Who Is Hamed Gohar, the Subject of Today’s Google Doodle?

His love for sea creatures was as deep as the ocean

Not long after honoring Haja El Hamdaouia, the Moroccan singer who influenced Shaabi music, today’s Google Doodle is paying homage to another notable Arab figure: Hamed Gohar. Born 115-years-ago on Nov. 15, the Egyptian marine biologist is one of the most influential scientists hailing from the MENA region. Below, a few of Gohar’s key accomplishments during his lifetime. 

He democratized oceanography to a whole generation of Arabs

Through his famous weekly TV program which ran for 18-years, Sea World, Hamed Gohar vulgarized the science of oceanography to the Arab audience in subtle terms. His approach was predicated upon showing videos of marine creatures and explaining the different species, their habits, and their special features. With his calm voice, Gohar debunked common misunderstandings and explained the importance of the marine creatures to the ecosystem.

He was the first person to obtain his PhD in the Faculty of Science in Cairo 

Gohar was a staunch believer in education and science, a belief that was reflected in his academic accomplishments. He initially enrolled in the Faculty of Medicine, but after graduating with honors from the preparatory year, he decided to switch to the Faculty of Science, where he went on to earn a Bachelor of Science with first honors before being hired as a teaching assistant in the faculty’s Department of Animal Sciences.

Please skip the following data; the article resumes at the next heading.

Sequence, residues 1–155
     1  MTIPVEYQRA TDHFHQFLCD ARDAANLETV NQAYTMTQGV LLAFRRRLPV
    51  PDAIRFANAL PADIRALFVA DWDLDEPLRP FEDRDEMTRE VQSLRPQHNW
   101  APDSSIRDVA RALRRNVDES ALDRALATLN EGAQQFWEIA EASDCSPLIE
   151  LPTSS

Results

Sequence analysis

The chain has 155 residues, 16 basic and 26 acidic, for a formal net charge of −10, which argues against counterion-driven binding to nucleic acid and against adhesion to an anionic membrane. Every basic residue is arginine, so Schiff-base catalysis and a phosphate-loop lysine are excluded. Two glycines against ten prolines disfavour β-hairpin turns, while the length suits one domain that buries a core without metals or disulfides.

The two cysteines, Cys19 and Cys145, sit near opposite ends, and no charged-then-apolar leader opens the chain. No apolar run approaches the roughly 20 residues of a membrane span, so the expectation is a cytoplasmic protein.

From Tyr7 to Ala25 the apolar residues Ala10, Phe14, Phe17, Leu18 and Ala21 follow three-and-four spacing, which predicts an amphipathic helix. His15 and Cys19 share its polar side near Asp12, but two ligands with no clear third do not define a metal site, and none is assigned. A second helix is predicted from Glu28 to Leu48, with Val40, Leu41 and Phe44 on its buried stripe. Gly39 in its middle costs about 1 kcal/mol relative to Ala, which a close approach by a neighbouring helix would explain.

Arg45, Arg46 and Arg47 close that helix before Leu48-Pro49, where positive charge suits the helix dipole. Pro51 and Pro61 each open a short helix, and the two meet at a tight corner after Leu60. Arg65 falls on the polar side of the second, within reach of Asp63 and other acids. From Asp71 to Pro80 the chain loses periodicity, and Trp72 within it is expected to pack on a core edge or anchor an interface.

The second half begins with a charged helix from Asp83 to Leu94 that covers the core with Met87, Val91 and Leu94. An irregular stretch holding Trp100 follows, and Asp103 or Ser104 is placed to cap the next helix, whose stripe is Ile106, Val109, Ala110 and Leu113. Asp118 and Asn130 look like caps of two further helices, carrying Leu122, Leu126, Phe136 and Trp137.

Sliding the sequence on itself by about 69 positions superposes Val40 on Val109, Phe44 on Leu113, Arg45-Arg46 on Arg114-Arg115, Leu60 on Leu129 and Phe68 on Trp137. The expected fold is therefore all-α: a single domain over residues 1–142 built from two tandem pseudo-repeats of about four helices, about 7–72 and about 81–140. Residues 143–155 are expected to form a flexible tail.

He went on to pursue a Master’s degree in oceanography at the University of Cambridge. Shortly after, Gohar relocated to Hurghada to work at the Marine Biology Station and continued his scientific studies on Red Sea marine life until he earned a doctorate in this field of study. According to Dr. Abdel Halim Montaser, Gohar was the first person in Egypt to do so.

Gohar made a significant contribution to issue the Arabic scientific dictionaries

By collaborating with the Arabic Language Academy to produce scientific dictionaries in Arabic, he contributed to the development of the Arabic scientific language. His eagerness to have scientific texts in Arabic can tell about his devotion for the growth of sciences in the region. He also made some outstanding contributions to Egyptian and Arab marine biology in his position as a UN secretary general’s advisor. In addition, Gohar helped set up the Geneva first International Conference on Law of the Sea.

He discovered that the dugong was not extinct 

collection of Egyptian fishermen hunting Sea Cow

While researching xenia, or soft coral, along the Red Sea coast, he found out that the dugong, also known as the sea cow, still existed. In 1957, he published the first scientific study of dugongs in the Red Sea. Today, the endangered marine species is listed as vulnerable according to the IUCN Red List and the international trade of the animal was banned by the Convention on International Trade in Endangered Species of Wild Fauna and Flora.

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